I've decided to start doing these "taking stock" updates on a more regular basis. I think they'll be more meaningful when there's more context. (Besides, they help me get my blog queue filled up. 😉) So here's the update for December as told through a variety of "-ing" verbs.
Eating: out at Twister's Burgers and Burritos for a
Wearing: a long sleeve dark green dress and
Smelling: hints of chocolate and peppermint
Reading: Suggested Reading by Dave Connis
Writing: blog posts and diary entries
Editing: #OCDStory, at page 105
Listening: to The Nutcracker as played by the
Bonn Classical Philharmonic
Earworming: "All I Want For Christmas Is You" by Mariah Carey
Watching: The Mandalorian, a handful of CW shows, and The Clone Wars
Bookmarking: most recently, a couple of potential jobs
Playing: June's Journey and other game apps
Looking: forward to Christmas
Thanksgiving is coming up on Thursday, so today I'm sharing my yearly gratitude list!
Like last year, I'm thankful for my friends, my family, and my cats.
Coming in on the heels of last week's more in-depth update, today I'm sharing another Taking Stock of My Life update, where I answer a variety of -ing questions!
Eating: a bit of chocolate!
Drinking: my usual water
Wearing: a navy "Current Mood [Low Battery]" t-shirt and
Smelling: not a whole lot, since I have a cold
Reading: Six Goodbyes We Never Said by Candace
Writing: blog posts and diary entries
Editing: #OCDStory, at page 79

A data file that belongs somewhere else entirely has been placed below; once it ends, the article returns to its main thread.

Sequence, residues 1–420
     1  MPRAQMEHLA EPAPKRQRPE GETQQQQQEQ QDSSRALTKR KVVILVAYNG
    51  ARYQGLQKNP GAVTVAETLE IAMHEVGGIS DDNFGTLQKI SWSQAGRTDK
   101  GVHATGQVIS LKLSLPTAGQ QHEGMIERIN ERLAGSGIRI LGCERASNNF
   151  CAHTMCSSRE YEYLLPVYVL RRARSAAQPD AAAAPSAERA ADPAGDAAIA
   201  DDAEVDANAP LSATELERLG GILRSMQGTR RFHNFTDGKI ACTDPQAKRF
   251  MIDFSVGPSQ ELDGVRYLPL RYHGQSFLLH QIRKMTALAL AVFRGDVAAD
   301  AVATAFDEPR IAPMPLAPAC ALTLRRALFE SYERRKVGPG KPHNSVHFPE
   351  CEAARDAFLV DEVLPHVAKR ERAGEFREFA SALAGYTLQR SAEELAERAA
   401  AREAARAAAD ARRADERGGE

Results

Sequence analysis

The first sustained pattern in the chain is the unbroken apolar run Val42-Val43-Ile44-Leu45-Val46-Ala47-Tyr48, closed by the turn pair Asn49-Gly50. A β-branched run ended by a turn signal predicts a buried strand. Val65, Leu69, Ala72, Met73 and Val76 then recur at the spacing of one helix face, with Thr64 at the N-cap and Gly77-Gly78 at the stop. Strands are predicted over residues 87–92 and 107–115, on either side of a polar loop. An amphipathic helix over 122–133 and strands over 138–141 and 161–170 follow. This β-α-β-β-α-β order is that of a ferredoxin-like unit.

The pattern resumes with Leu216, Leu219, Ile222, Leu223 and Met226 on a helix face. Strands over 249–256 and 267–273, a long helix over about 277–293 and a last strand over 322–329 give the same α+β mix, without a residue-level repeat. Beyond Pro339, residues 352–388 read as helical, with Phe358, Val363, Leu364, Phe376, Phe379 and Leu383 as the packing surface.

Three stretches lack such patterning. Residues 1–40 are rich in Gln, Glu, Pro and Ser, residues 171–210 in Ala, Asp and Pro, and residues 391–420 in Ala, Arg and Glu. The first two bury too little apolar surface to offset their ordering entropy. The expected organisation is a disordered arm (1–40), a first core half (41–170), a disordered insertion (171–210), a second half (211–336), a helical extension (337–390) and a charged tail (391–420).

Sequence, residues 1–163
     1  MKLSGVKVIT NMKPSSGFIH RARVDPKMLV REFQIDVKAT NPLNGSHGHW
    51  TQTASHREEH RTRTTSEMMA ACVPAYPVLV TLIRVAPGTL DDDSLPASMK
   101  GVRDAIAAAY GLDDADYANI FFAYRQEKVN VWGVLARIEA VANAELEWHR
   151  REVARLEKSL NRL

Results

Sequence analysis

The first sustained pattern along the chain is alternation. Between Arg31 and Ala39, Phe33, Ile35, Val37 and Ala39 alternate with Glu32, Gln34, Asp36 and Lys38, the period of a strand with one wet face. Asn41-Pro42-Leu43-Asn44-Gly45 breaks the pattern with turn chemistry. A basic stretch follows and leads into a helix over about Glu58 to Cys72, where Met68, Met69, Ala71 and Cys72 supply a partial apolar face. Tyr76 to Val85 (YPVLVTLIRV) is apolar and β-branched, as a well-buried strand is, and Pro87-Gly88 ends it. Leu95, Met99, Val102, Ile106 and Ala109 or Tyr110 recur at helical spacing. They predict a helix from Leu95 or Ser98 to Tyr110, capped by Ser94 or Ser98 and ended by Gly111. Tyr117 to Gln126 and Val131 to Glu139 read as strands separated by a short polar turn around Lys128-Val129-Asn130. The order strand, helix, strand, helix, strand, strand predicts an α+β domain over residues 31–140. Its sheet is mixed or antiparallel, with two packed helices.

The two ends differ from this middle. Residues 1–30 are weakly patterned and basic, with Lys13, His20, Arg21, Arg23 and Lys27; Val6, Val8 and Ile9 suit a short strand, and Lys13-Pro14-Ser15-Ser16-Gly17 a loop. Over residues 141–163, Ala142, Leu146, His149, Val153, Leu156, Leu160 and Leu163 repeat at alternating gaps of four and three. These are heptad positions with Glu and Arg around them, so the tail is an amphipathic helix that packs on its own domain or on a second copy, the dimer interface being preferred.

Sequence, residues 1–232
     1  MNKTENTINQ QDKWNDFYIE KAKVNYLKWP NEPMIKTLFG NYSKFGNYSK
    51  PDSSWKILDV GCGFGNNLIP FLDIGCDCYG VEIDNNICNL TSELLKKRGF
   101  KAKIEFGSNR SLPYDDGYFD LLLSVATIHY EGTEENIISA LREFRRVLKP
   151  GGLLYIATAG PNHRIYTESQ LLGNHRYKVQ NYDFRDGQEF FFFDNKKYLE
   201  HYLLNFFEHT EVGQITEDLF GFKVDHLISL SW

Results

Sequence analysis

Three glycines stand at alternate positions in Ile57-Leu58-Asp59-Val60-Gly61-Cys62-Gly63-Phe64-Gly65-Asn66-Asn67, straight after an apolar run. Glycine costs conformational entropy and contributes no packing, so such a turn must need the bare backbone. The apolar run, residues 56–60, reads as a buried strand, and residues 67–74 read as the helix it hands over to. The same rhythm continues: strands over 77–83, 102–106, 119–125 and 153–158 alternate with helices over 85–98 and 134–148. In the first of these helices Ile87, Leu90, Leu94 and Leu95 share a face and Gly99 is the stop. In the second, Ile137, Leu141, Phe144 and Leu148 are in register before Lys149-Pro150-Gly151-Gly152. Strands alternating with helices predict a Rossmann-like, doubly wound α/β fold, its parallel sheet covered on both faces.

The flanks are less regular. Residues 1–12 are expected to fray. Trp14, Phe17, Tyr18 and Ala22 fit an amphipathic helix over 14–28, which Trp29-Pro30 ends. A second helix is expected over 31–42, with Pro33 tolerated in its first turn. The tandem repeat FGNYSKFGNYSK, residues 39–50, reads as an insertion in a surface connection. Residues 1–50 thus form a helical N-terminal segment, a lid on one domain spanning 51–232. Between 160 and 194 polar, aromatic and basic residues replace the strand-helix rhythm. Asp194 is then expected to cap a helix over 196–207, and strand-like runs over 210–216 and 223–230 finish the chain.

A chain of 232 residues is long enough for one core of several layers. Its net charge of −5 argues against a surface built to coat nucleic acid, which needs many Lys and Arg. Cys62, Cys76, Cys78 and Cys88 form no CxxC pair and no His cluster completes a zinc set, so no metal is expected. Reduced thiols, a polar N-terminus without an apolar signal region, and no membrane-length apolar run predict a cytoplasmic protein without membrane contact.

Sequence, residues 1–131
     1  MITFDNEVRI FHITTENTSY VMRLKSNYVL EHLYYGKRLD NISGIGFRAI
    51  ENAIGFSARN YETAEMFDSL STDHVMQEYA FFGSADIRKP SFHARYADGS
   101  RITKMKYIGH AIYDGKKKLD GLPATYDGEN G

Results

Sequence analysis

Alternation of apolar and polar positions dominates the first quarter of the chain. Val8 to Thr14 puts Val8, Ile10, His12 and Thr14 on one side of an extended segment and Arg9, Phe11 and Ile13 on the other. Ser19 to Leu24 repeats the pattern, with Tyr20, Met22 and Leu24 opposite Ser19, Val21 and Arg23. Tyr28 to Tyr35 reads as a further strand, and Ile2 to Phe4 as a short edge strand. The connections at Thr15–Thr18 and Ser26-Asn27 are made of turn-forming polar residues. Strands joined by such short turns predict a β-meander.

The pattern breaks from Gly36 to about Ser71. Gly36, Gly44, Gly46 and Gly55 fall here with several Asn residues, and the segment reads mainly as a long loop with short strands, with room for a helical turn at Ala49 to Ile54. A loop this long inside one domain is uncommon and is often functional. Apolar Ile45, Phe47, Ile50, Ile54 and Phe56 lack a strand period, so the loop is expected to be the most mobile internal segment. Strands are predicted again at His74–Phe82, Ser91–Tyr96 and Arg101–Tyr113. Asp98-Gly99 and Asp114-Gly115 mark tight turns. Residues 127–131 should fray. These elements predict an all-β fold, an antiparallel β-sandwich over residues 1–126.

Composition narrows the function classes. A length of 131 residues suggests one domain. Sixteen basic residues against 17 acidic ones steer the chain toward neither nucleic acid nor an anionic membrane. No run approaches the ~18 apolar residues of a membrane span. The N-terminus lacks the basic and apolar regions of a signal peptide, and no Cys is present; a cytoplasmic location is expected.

Listening: to some of Taylor Swift's latest work
Earworming: "Kill This Love" by Blackpink
Watching: a Star Trek movie that's overdue at the library 😬
Bookmarking: nothing new recently
Playing: the Harry Potter and the Chamber of Secrets video game with my brother
Wanting: to not have a cold anymore
Wishing: for a better world
Today, I have a few updates to share, so I'm going to devote a post to them!
First, an update to My Writing Career So Far. When I wrote that post, I was planning to stop writing #SnowQueenStory, as I didn't feel like I was in the right frame of mind for the story, and start editing #ProphecyStory instead--once I finished the latest edit of #OCDStory. I had a lot of edit ideas for #ProphecyStory that had been building up over the years, and they were haunting me every time I tried to read an epic fantasy novel.
I'm still plodding along in my #OCDStory edit. I'm doing a close line edit, because the prose at the beginning is better than the prose in the rest of the book. It's actually pretty normal to be slow on this kind of edit, which makes me feel less frustrated, LOL! There are a few other things I'm adjusting to. So It'll be a while yet, but I am making progress towards being able to hand the story over to my next beta reader.
However, I realized this week that #ProphecyStory won't ever be what the market needs, no matter how many edits I pile onto it. Like all my past work, though it has plenty of heart, it's too tropey and unoriginal. The premise also relies on big-level conflict that I'm not really suited to--I'm trying nowadays to follow the advice of this Tumblr post because it's really good advice that I haven't been able to get out of my head.
So I'm left now with just #OCDStory, the first part of #SnowQueenStory, and a hoard of ideas.
It's been a while since I've done this, so I thought I'd give it another whirl. Today, I'm going to share the last ten photos I took!